Lancaster Basement Waterproofing Guide: Keeping Your Home Safe and Dry

If your basement has become humid over time, now is the time to take steps towards waterproofing your home. 

Exterior water drainage is one of the most efficient ways to waterproof a basement. This method involves digging a trench along the foundation walls and filling it with gravel before installing a drain that redirects excess water away from your home’s foundation.

Interior

Step one in waterproofing a basement involves identifying and treating its source of moisture. Depending on its severity, this may involve exterior or interior solutions.

Foundation cracks are typically the leading source of basement flooding. They’re caused by oversaturated soil surrounding your foundation wall exerting pressure that leads to cracking. To rectify this situation, grade the yard with at least a 2 percent slope in one direction away from your home – doing this will divert roof runoff away from causing flooding of the basement.

If you need help grading your yard, consulting a landscape architect or civil engineer may provide valuable insights. They could recommend clearing away foundation plantings, flowerbeds and shrubbery that might direct water into the basement. You can click the link: https://www.wikihow.com/Level-Your-Yard to learn more about this process.

Replacing gutters and downspouts that don’t properly drain water away from the house may also help. By installing or upgrading existing drainage systems, you can prevent water from entering your basement.

Dehumidifiers are one solution to help lower basement humidity levels, but waterproofing the walls is the most reliable long-term strategy to keep moisture at bay and out.

Cost of basement waterproofing varies based on your chosen method, materials and labor costs. Sealants tend to be less costly than epoxy applications for this task.

Epoxy injections are an efficient method for sealing basement walls, yet can be expensive; up to $6 per square foot could be spent.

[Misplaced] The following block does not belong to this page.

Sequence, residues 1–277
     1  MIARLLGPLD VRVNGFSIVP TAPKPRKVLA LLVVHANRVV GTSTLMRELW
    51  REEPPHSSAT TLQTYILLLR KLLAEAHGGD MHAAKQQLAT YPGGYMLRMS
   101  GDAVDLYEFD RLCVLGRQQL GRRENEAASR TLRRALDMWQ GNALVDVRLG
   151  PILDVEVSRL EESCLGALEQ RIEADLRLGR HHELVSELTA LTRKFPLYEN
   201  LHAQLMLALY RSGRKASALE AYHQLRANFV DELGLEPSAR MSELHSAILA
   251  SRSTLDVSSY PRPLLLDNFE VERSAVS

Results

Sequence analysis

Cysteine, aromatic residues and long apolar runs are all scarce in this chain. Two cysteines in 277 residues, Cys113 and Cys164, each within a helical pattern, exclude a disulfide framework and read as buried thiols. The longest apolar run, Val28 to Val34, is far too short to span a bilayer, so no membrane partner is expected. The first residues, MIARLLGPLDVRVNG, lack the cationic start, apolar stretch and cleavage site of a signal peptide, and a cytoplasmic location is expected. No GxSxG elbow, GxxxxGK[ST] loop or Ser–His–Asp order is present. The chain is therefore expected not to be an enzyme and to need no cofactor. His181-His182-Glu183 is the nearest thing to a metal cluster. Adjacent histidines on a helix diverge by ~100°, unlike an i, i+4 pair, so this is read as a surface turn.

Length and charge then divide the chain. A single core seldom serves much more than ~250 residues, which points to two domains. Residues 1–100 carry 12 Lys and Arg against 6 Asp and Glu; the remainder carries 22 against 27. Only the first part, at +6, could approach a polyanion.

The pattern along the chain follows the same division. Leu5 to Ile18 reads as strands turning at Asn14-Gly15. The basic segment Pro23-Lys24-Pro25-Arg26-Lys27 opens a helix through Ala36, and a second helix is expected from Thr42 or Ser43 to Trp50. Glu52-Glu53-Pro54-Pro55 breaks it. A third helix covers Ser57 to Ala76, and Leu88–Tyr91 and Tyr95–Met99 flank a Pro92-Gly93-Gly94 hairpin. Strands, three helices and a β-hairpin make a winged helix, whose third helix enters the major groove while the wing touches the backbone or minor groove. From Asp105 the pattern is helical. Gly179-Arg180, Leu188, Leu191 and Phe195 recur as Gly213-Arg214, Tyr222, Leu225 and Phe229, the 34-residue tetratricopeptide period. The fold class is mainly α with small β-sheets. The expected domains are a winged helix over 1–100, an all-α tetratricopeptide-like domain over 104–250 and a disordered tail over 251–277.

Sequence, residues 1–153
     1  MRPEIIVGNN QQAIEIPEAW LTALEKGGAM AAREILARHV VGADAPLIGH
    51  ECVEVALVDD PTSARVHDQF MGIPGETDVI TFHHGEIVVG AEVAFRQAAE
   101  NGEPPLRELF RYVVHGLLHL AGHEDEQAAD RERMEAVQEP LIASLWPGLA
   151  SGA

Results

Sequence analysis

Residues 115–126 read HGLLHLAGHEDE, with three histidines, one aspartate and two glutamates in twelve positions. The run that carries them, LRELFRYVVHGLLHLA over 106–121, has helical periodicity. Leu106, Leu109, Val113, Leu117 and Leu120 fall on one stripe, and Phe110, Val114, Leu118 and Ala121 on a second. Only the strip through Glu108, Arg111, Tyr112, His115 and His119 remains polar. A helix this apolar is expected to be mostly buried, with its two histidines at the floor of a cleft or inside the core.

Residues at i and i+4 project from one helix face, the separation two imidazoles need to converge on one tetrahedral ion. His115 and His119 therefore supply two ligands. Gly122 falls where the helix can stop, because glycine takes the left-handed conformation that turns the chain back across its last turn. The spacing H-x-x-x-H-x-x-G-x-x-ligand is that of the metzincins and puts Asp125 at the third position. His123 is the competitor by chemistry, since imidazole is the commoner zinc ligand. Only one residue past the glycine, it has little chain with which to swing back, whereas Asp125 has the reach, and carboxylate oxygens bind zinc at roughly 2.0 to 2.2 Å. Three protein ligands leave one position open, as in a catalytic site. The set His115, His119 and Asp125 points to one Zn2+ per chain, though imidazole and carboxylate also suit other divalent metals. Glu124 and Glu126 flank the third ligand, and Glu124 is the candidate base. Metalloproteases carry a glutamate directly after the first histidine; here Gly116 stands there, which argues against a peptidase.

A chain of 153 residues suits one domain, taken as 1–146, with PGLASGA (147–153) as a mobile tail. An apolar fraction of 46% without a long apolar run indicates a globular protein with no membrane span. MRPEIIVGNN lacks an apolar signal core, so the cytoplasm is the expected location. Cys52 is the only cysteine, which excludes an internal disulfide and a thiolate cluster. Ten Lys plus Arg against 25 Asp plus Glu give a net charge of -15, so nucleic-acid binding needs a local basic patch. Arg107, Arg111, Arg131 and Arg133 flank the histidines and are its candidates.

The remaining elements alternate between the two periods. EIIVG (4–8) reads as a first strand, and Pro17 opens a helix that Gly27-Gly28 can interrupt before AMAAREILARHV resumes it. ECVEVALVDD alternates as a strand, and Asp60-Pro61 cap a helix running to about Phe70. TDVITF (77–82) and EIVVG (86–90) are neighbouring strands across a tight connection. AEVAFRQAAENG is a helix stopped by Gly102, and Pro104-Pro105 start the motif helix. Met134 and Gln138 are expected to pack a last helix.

Sodium bentonite, a clay-like natural sealant, can be used to fill wall cracks. At around $2 per square foot, sodium bentonite offers a more cost-effective solution than traditional vapor barriers.

A basement’s interior is an integral component of the house and should be treated accordingly. 

Proper waterproofing methods like using vapor barriers or paint do an effective job of stopping moisture from penetrating walls and decreasing humidity; however, these solutions often only offer short-term fixes. Should the problem persist, it might be best to seek Lancaster waterproofing professionals to help address its source. They can help guide you to the right solution for you.

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Exterior

Exterior basement waterproofing is a popular solution among homeowners who prefer an easy solution for leaky basement walls without doing interior work. By blocking water seepage at its source, exterior waterproofing helps stop future mold growth while increasing resale value of homes.

Exterior waterproofing involves excavating out the soil around your foundation and installing drain tile at its base, to collect any water that has already penetrated it and direct it towards a sump pump or gravity drains for drainage.

Once drain tiles are in place, gravel is spread on them to alleviate hydrostatic pressure caused by excavation. Once this layer of gravel has been completed, a layer of soil covers it up completely to complete the system.